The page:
The National Retail Federation estimates total Halloween spending will reach $8.8 billion in 2019, which is an average of more than $86 per person. Both figures represent small declines from the previous two years. Regardless of the decline, social media, survey data suggests, drives more of that spending than ever before.
Nearly half of millennials surveyed — 48 percent — admitted to purchasing Halloween items solely for posting online, and four in 10 millennials felt a lot of pressure to spend that money.
However, the retail foundation says the oft-scapegoated millennials aren’t the only ones responsible for social media-induced spending. Thirty-seven percent of the younger Generation Z said they bought Halloween items just to post online and 30 percent of Gen X respondents did the same.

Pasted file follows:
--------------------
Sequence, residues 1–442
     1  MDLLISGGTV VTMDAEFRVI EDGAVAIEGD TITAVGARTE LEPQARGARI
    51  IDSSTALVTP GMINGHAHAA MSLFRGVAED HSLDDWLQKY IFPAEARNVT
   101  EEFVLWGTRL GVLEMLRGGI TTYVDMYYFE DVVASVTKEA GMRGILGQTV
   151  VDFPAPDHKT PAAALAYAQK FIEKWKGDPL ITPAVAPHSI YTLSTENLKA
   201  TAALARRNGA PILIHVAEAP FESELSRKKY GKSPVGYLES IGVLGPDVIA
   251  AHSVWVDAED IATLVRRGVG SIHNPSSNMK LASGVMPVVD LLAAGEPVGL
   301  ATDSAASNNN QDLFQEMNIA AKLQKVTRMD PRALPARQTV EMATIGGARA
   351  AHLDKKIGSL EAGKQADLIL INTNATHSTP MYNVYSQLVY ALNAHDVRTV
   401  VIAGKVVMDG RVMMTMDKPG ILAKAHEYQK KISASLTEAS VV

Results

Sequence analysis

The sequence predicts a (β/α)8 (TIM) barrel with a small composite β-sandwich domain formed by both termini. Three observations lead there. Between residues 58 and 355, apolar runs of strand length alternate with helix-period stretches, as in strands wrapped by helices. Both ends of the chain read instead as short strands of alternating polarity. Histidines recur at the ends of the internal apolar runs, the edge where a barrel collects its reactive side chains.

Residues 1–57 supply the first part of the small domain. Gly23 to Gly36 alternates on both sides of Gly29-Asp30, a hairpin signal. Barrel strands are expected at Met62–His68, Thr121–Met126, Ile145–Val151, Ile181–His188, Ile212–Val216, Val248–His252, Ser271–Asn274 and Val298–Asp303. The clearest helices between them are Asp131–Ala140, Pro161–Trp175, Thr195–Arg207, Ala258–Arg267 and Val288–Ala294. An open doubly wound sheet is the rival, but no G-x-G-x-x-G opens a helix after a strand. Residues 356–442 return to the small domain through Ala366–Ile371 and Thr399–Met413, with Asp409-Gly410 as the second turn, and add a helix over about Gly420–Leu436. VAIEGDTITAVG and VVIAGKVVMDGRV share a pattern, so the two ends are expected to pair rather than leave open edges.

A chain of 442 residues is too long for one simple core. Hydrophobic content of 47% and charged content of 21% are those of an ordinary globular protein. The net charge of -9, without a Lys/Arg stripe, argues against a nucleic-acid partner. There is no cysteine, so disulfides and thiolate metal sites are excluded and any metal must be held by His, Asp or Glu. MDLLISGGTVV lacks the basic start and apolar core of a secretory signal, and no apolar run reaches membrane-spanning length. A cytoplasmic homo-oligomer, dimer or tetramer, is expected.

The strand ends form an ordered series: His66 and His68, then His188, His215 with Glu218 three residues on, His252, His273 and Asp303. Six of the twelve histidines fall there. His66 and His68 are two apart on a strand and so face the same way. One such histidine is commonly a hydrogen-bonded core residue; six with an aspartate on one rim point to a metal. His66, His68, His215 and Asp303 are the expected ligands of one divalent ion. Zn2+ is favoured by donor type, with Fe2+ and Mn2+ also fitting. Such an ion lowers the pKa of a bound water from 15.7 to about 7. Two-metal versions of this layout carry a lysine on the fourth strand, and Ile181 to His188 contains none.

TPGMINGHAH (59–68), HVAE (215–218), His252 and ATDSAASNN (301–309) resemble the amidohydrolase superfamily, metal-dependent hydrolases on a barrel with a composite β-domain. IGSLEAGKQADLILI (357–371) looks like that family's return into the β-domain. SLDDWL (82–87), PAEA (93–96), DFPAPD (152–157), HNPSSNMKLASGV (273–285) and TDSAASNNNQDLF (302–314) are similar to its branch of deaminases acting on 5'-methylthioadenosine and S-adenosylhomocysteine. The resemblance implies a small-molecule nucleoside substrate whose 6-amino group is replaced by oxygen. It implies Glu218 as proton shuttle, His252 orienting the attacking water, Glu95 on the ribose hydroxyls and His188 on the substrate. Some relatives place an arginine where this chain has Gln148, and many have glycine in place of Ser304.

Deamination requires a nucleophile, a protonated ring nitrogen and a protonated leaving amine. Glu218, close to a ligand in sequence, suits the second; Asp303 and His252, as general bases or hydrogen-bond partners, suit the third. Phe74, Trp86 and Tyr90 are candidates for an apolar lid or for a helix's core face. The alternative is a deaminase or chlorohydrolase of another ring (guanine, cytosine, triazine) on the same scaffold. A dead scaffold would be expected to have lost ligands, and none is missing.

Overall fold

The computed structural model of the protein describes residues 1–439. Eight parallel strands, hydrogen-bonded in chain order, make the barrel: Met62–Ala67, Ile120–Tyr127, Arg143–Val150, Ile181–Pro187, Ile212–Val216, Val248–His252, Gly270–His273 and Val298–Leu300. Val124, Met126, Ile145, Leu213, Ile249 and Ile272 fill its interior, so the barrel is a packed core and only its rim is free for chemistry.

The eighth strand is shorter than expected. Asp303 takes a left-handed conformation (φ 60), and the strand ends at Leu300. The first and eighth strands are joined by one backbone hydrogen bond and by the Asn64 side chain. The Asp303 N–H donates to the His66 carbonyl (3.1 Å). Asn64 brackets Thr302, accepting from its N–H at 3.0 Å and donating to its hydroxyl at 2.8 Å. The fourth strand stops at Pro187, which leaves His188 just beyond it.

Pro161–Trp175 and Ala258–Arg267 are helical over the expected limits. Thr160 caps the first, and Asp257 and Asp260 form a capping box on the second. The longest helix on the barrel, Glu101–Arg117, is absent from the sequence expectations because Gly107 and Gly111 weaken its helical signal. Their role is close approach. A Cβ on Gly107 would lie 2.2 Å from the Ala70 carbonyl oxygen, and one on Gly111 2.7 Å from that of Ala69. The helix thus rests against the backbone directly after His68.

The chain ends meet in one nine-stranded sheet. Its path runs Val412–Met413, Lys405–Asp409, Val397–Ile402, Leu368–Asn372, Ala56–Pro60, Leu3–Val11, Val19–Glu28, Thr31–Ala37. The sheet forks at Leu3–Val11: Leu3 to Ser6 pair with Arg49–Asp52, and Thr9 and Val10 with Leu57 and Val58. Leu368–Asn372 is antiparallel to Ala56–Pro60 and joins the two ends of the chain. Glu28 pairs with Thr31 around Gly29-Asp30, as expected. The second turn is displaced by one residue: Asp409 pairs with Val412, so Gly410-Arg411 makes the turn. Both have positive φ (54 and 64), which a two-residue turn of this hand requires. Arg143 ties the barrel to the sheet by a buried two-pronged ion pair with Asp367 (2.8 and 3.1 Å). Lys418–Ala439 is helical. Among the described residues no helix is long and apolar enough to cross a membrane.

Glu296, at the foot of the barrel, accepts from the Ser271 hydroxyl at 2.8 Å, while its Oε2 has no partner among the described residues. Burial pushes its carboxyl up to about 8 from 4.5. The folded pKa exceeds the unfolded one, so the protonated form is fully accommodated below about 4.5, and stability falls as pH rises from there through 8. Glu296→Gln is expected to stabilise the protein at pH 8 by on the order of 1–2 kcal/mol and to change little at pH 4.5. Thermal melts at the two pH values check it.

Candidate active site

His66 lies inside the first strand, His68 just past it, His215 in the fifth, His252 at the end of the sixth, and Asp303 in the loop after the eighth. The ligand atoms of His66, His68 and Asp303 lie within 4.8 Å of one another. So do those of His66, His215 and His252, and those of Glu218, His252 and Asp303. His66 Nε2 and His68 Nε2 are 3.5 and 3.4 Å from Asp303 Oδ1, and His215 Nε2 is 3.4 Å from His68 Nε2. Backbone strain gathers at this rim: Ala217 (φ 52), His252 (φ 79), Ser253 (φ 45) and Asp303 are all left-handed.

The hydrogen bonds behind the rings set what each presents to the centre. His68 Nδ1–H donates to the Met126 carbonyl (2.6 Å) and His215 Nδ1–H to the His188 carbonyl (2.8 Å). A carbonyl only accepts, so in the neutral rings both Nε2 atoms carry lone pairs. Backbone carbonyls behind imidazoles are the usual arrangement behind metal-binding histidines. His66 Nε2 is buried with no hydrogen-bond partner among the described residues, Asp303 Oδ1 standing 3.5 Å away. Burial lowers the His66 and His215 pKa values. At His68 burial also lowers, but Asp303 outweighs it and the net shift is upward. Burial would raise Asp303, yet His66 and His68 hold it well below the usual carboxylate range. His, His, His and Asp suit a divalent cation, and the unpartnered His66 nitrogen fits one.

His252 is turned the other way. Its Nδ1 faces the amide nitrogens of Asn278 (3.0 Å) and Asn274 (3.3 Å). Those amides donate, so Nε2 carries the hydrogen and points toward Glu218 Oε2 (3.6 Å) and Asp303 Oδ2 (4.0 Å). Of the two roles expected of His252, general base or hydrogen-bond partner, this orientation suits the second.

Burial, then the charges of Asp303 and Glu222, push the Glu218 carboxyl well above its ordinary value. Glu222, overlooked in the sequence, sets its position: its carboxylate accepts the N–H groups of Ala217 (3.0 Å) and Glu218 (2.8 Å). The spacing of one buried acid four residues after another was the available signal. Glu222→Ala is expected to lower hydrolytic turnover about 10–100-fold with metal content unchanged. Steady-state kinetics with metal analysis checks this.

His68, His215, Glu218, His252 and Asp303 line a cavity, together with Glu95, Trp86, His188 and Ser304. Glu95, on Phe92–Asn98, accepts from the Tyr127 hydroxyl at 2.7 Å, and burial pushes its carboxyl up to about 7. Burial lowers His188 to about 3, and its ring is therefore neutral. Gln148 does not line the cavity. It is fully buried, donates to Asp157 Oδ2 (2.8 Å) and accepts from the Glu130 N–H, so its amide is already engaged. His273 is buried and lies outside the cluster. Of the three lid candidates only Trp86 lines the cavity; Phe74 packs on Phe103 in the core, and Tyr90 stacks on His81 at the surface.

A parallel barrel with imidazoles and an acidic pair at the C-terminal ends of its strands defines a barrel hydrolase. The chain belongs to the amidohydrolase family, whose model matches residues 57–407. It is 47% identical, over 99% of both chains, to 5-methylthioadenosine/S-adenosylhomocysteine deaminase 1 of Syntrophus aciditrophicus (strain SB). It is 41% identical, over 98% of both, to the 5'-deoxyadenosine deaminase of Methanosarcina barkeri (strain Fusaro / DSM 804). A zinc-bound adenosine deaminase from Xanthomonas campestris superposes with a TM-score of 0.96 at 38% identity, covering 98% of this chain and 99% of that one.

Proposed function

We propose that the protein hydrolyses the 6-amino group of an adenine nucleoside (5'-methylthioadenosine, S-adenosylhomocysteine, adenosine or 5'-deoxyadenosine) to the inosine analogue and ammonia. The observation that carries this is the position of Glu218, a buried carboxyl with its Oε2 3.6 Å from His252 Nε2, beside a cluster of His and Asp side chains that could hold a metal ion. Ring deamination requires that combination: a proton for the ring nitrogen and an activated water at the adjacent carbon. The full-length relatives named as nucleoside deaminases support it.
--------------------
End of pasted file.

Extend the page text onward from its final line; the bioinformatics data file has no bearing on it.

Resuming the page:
Pet spending increased in 2019 too. Seventeen percent of respondents are planning to drop a staggering $490 million to dress up their furry friends for Halloween.
Social media platforms are a source of Halloween inspiration as well as an outlet of expression. Pinterest, Facebook, YouTube and Instagram were each used by 14 percent or more of prospective shoppers seeking costume and decoration ideas.
Classic costume ideas, such as witches, vampires and other scary characters, highlighted the most popular outfit choices for adults. Children were fonder of princesses and superheroes, while pets were most likely to be pumpkins and hot dogs.